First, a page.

Multiple taxes squeeze digital firms as profits take a beating


A delivery man drives a transporter with an advertisement for Nigeria's e-commerce site Jumia in the Plateau district of Abidjan, Ivory Coast. FILE PHOTO | ISSOUF SANOGO | AFP

Digital businesses including e-commerce platforms are coming under increased taxes, piling pressure on their profits as governments go for a share of the revenues.

Businesses such as Jumia and Multichoice, with a presence in multiple countries, say various new taxes have been coming up, with others still on the cards increasing their tax burden.

Kenya is among the countries that have been going for digital revenues by enacting different regulations including the digital services tax.

Players say the digital services tax, coupled with others on over-the-top services, mobile money transfers and other e-commerce and mobile services may slow down their businesses.

“Tax authorities in various countries are currently reviewing the appropriate treatment of e-commerce activities. Recently, several countries in Africa have imposed new, or increased existing, taxes on e-commerce and mobile services,” says Jumia, an e-commerce firm with a presence in Kenya.

Jumia cites Kenya, which has been taxing mobile money transfers, and also in 2021 introduced the digital services tax at a rate of 1.5 percent of gross transaction value, as among the jurisdictions where the tax burden is rising.

Kenya charges digital service tax on income derived or accrued in the country from services offered via a digital marketplace.

Kenya Revenue Authority collected Sh5.33 billion from digital services tax and value-added tax on digital market supply during the financial year ended June 2023, being a 208 percent jump from the previous period.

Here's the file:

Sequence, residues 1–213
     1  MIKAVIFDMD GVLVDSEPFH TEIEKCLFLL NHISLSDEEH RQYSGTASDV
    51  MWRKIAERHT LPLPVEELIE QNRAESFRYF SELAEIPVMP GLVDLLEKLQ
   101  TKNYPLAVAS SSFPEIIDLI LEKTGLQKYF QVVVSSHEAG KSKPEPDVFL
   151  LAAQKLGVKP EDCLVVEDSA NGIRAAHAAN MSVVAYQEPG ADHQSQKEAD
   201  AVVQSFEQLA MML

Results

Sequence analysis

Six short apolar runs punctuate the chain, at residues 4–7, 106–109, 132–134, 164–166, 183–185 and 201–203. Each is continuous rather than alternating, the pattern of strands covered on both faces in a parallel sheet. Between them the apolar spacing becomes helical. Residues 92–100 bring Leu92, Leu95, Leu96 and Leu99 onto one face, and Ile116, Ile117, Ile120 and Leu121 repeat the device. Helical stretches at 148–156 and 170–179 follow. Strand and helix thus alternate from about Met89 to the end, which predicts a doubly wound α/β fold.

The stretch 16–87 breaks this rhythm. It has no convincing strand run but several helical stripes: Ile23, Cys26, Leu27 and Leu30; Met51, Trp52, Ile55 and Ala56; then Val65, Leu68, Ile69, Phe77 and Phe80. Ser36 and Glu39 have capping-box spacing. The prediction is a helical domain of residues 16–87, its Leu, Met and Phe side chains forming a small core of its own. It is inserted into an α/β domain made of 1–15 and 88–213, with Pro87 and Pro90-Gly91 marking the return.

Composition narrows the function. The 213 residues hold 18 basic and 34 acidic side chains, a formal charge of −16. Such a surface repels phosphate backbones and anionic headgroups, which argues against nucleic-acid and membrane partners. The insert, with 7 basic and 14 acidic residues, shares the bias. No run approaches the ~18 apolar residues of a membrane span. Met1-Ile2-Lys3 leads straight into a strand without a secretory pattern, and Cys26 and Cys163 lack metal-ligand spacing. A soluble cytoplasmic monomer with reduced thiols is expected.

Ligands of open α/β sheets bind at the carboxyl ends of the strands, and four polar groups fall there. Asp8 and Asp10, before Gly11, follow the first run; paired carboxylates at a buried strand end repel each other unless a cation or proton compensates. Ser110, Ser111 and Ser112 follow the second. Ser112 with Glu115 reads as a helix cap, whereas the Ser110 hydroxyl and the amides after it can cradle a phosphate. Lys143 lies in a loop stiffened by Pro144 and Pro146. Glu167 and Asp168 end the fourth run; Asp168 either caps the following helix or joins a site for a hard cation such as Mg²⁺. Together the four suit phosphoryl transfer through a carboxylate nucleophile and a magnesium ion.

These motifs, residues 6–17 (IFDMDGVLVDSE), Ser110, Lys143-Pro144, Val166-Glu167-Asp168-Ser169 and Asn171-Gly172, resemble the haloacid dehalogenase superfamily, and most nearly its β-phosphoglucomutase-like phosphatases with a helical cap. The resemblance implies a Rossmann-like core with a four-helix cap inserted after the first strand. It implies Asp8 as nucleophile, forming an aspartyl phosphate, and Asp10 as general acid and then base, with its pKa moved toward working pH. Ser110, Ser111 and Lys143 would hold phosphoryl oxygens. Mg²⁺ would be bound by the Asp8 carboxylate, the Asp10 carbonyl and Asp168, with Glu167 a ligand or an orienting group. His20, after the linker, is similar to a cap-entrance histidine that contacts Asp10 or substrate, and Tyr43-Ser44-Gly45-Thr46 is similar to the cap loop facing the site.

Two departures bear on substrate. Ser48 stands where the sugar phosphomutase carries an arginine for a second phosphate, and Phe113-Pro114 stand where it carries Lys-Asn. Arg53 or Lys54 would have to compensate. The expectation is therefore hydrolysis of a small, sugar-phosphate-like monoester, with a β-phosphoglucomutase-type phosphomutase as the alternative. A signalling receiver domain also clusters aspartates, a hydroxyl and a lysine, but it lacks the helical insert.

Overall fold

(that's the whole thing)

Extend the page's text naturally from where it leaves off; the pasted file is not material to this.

The tax head is deemed to have a large headroom for growth given the huge value of e-commerce transactions in the country.

Pay television service provider Multichoice, with operations in different countries including Kenya and Nigeria also says new taxes are exposing it to the risk of double taxation.

“Some countries are introducing new taxes such as the digital services tax in Kenya, which requires different laws and compliance burdens and potentially double taxation,” says Multichoice in the latest annual report.

“There are also numerous local and international tax policy changes being introduced, which further increase the risk of double taxation.”

Uganda and Ivory Coast imposed mobile money transfer tax. Jumia says it sees a possibility of other African countries rolling out new taxes on e-commerce and mobile services, raising the current tax rate.

Uganda also recently introduced a new tax on foreign digital service providers such as Facebook and Netflix.

Other services targeted under this tax head include e-books and movie sales, dating sites, music, and games, and subscription-based media including news, magazines and digital content.

Governments are increasingly targeting technology-based businesses which initially operated with little to no taxation compared to other enterprises.

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